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tv   43 Portraits George W. Bush  FOX News  April 25, 2021 10:00pm-11:00pm PDT

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you can say that. a great summary, thank you. >> steve: join us next sunday. the next revolution will be televised. ♪ ♪ ♪ dana: when people hear the name george w. bush they think of his 8 years as president of united states, he has been busy in his post presidential years, writing books, working on important policy issues at george w. bush approximatel presidential city and painting, a lot of painting, inspired by similar hobby of british prime minister churchill, in 2014 he completed his first series, depictions of world leaders, followed by
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portraits ofcourage with veterans. last month, i traveled to bush center in dallas to get a look at his latest exhibit. 43rd president new collection of oil paintings highlight join of 43 remarkable men and women who immigrated to united states and the new book called "out of many, one." ♪ ♪ >> on american currency you find the great seal of the united states, since congress adopted it in 1782, it has displayed words, latin for out of main, m many, one, referring to make up of many states and backgrounds,
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a nod to one of your greatest strengths, to one nation under god. to forever remain a shining city upon a hill, a beacon of liberty. and hopeful society, american only needs to remember that strength. >> good evening,. dana: with wars in afghanistan and iraq. immigration was one of most contentious policy issues that bush administration faced. >> the issue of immigration stirs emotionals, in weeks americans have seen them on display. display. >> a decade and a half later, the issue is just as important. >> you have not weighed in much on policy debates, this is i think a gentle way that remind people one aspect of immigration. >> i pretty much stayed out of all policy debates, only way for a former president to make news
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is to criticize his successors, i think that undermines the office of president. i think that institution of presidency is more important than the occupant of the office, those of us who have been honored to occupy the office have a duty to strengthen it. presidents get criticized a lot, it is unseemly to be one of those voice there are issues that i care about, a friend of ours, said your voice needs to be a part of the immigration discussion, i said i don't want to get into a political debate, he said paint corporates of immigrant -- portraits of immigrants, i thought that is interesting, i did. >> transition from president to artist surprised many, including his wife laura. >> if someone said one day you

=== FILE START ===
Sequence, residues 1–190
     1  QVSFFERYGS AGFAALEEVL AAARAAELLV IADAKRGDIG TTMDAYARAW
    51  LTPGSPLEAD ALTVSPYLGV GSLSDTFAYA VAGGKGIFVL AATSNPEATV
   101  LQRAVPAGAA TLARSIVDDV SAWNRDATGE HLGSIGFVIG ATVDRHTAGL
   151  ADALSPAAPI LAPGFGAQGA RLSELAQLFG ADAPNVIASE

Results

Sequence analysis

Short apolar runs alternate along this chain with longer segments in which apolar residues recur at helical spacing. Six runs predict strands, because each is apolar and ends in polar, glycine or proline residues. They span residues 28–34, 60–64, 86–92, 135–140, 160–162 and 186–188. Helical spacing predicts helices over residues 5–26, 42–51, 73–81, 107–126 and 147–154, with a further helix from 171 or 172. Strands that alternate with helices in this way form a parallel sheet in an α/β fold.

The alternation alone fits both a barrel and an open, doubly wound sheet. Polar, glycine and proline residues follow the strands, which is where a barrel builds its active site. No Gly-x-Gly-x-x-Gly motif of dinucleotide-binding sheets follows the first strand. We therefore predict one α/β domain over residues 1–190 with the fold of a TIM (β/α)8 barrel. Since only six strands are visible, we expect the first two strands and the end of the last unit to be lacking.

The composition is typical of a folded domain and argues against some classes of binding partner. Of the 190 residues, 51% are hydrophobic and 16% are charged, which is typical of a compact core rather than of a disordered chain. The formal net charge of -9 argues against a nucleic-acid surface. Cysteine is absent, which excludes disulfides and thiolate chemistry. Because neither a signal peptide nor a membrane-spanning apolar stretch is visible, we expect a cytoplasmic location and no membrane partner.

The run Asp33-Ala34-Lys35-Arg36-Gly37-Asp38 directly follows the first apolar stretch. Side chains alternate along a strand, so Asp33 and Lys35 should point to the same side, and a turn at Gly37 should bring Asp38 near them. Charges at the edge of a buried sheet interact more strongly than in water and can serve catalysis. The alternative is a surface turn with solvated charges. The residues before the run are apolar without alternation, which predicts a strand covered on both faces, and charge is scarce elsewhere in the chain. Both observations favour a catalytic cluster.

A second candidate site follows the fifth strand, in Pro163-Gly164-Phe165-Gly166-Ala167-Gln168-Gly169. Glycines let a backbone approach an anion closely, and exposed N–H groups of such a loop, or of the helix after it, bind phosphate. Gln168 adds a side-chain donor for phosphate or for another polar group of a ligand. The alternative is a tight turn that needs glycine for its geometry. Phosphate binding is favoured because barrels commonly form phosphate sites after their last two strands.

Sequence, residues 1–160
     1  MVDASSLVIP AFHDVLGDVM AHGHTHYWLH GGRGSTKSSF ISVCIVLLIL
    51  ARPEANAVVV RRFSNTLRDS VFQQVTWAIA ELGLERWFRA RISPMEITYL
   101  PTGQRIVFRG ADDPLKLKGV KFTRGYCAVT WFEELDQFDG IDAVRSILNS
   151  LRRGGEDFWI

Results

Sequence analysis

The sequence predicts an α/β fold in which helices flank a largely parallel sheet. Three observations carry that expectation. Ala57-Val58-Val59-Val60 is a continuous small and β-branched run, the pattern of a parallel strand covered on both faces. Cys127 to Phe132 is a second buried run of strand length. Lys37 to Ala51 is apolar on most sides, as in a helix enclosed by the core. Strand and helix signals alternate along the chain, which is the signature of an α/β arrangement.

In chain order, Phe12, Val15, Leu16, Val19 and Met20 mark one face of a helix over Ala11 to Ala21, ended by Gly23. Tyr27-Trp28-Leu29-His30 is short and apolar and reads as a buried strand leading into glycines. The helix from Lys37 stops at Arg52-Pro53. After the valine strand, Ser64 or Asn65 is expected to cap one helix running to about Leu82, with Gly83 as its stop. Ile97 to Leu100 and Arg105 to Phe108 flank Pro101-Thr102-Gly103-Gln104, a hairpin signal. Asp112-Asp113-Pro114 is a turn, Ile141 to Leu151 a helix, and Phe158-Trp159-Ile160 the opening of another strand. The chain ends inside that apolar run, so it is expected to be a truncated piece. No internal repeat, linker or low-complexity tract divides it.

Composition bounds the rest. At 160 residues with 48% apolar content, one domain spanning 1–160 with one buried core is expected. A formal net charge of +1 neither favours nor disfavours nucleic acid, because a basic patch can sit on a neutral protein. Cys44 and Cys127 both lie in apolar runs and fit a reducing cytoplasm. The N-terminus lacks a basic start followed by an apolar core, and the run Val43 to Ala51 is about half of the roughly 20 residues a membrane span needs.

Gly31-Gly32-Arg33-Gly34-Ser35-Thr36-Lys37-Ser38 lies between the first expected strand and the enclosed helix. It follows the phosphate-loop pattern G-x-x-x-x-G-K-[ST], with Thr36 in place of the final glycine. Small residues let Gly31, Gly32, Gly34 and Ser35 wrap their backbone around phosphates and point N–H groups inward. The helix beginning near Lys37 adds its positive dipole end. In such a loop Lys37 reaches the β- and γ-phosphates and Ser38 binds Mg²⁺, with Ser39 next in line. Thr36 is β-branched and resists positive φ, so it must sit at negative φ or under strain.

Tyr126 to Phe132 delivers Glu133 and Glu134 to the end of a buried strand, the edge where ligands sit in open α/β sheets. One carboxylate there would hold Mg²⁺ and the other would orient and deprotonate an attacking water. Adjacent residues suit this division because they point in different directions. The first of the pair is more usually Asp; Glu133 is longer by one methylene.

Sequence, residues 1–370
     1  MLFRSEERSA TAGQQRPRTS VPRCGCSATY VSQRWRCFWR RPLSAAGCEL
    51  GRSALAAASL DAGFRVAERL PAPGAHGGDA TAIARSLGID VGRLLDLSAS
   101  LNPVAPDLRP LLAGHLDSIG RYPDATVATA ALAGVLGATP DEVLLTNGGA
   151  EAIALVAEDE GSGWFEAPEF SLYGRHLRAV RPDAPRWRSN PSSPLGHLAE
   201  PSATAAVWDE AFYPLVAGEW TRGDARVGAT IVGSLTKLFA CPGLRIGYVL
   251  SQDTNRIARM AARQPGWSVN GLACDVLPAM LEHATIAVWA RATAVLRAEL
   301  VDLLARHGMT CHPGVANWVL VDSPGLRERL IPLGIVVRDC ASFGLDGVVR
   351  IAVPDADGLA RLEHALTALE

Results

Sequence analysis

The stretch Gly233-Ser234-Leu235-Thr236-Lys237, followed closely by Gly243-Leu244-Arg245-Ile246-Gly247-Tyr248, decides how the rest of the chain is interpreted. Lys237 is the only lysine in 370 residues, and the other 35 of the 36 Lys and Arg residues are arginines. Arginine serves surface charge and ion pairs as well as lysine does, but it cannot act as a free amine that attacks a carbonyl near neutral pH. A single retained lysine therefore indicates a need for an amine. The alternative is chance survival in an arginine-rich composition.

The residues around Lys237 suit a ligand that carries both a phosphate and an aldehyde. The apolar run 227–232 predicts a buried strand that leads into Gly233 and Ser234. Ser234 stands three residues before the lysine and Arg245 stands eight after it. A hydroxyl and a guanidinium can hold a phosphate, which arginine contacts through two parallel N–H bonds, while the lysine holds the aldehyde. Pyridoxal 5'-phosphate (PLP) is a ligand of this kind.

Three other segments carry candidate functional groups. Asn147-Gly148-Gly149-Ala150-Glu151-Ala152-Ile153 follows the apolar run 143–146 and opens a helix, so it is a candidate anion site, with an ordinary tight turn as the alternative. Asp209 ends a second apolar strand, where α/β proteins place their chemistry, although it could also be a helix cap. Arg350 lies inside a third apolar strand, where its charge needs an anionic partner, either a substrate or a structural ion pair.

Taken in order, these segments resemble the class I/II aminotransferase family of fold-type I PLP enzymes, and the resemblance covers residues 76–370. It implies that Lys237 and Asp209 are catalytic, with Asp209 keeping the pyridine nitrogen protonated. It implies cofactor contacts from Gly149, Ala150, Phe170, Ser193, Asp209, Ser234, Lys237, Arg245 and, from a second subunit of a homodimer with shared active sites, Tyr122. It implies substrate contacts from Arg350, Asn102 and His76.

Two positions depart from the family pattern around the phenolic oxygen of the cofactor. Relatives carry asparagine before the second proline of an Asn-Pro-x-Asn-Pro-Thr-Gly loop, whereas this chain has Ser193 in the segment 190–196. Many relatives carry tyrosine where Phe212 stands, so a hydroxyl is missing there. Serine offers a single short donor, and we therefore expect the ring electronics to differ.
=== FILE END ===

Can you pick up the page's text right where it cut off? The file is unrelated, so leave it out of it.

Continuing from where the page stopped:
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will introduce george and talk about his paintings, i would say no way. >> i was shocked. george had never looked at art, he came home he took up golf again. he did not play golf at white house. and the same time he got an app on his ipad, he could draw stick figures oned road he would draw himself at a podium, give it a speech, send it to me, somehow he started to think about becoming a painter. >> i wrote a couple books. >> he was busy. >> but not fulfilled, in a sense i was not learning enough, presidency is unbelievable learning experience. in that, it was not a part of my life at that time, i longed for it. >> winston churchhill only painted one while prime minister
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high painted over 500 in his lifetime. >> i read churchhill a esi said if he can pay, i can paint, i took up a brush, my first painting was a cube, not a square. i try to pain every day, i tell people every brush stroke is a learning experience. dana: he takes it seriously. studying techniques and has studio at bush center in dallas and their ranch in crawford. >> she holds her breath to make sure i spread blue paint -- >> on the carpet. dana: is he a tidy painter. >> no he is not. >> has he painted you, mrs. bush. >> he tried it was not successful, he has not tried again. >> i painted her, she was very grumpy about it. >> have you painted your